Take Imatinib as an example, according to FDA product-specific BE guidance, the subjects for this product should be patients. Based on published literature reviews, Imatinib was found to be relatively well tolerated. Moreover, EMA issued the BE guidance on Imatinib recommending healthy subjects as the study populations. Considering the available safety information and BioPharma Services in-house experience, we justified that the single oral dose of 400 mg of Imatinib in a typical crossover study dosed to HVs for the BE evaluation could be appropriate.
To date, we have conducted 11 successful clinical trials on this product and submitted to FDA, EMA, TPD, and TGA. The above example shows that new formulations and generic oncology drugs that have been systemically evaluated for safety can be used in clinical trials with HVs are well tolerated, the safety of the subjects is assured and the cost to the sponsor is significantly reduced.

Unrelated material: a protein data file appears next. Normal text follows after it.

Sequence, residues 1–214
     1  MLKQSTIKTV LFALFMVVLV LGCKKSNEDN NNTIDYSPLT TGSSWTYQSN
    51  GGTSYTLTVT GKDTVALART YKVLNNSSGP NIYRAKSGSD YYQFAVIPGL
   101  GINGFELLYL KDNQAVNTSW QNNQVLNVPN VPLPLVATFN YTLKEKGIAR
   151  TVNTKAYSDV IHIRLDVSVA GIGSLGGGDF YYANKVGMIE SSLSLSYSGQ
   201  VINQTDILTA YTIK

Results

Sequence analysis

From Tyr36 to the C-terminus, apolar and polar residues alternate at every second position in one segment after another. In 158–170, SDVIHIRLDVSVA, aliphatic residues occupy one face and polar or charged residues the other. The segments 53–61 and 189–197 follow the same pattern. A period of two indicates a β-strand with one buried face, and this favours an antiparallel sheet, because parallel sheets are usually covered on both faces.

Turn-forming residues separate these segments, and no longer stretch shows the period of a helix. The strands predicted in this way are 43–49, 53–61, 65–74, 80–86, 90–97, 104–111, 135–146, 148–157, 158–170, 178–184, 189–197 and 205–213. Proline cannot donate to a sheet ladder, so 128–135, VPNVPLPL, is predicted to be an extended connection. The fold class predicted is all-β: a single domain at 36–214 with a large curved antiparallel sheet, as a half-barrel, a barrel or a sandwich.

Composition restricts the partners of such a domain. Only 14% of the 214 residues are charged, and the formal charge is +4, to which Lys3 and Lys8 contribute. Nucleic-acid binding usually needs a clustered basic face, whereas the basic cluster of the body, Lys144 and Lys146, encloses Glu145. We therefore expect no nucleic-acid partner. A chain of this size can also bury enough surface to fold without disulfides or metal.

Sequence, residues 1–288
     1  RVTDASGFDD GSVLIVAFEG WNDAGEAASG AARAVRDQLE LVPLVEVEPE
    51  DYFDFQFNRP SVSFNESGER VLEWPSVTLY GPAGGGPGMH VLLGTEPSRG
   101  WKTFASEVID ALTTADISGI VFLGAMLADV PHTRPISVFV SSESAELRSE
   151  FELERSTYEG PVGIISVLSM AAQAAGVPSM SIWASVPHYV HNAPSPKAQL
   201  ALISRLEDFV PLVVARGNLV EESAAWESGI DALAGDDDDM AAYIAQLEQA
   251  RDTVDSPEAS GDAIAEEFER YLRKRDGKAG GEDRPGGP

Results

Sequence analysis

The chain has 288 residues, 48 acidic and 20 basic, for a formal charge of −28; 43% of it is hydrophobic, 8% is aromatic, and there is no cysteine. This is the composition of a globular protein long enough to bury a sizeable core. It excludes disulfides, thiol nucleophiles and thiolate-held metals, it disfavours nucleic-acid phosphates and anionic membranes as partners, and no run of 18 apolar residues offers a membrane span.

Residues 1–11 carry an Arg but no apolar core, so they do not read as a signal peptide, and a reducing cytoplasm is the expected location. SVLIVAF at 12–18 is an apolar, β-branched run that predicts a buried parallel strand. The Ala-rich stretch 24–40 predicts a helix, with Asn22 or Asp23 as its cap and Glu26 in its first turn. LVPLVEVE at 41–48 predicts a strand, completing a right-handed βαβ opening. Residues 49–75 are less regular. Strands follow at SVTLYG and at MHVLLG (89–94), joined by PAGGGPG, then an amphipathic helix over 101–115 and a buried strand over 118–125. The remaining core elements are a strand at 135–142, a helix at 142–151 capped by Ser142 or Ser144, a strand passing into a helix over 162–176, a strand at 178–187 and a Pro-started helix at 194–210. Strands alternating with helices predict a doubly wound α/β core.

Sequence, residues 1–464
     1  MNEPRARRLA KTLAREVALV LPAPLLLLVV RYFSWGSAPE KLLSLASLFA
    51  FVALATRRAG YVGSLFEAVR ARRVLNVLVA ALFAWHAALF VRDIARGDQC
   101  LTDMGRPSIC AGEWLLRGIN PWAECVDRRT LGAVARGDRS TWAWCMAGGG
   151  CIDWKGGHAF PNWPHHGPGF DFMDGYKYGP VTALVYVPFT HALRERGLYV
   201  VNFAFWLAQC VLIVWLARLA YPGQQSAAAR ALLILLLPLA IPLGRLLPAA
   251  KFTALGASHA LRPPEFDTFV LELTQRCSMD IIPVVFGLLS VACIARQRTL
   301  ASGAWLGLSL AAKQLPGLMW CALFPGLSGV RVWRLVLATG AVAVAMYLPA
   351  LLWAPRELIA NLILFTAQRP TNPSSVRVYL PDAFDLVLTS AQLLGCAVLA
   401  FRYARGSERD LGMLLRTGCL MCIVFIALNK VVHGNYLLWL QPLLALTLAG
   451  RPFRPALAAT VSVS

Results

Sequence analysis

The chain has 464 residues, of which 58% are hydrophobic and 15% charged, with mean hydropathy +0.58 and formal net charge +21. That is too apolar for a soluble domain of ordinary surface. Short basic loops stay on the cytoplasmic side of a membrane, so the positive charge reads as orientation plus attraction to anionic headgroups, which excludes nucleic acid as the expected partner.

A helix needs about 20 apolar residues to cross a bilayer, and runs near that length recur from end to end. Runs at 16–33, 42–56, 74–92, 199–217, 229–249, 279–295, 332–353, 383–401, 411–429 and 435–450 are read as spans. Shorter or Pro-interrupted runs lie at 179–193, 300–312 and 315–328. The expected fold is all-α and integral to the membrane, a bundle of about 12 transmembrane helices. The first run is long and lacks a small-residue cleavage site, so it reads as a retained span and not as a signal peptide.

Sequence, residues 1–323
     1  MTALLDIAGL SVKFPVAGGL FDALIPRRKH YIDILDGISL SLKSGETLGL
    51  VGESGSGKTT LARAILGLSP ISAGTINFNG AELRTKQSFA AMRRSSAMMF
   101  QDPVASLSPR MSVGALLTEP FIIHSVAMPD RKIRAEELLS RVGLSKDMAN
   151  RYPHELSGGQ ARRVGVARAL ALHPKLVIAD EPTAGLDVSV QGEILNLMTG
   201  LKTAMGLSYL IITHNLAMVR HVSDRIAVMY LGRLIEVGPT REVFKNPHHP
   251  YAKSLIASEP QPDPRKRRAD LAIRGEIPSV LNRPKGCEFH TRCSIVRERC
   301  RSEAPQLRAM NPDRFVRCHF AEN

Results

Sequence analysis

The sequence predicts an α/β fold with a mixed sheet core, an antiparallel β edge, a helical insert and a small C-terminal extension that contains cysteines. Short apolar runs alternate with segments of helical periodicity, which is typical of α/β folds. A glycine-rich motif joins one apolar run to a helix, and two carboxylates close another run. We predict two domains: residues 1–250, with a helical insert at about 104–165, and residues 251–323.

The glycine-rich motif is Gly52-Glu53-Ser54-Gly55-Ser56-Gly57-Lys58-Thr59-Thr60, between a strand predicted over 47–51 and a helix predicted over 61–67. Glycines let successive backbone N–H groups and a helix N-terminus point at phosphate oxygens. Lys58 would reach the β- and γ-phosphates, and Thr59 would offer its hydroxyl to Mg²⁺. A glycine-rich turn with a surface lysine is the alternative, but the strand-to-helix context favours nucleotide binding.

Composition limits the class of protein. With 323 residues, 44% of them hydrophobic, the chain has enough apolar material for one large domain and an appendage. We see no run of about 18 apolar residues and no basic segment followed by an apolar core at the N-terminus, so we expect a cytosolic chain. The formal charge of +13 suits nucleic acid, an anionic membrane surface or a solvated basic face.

How BioPharma Services can create the pathway of success for your oncology drug development project.
The clinical development of new formulations and generic oncology drugs is mostly challenged by the study population: HVs vs patients. BioPharma Services has conducted a series of clinical trials of such drugs in HVs and gained much success in this area through systematic safety assessments and thorough study designs, with a focus on minimizing risks to subjects. As a result, costs for drug developers for generic and 505 (b)(2) oncology products can be well controlled by collaborating with BioPharma Services.
BioPharma Services, Inc., a Think Research Corporation and clinical trial services company, is a full-service Contract Clinical Research Organization (CRO) based in Toronto, Canada, specializing in Phase 1 clinical trials 1/2a and Bioequivalence clinical trials for international pharmaceutical companies worldwide. BioPharma has clinical facilities both in the USA and Canada with access to healthy volunteers and special populations.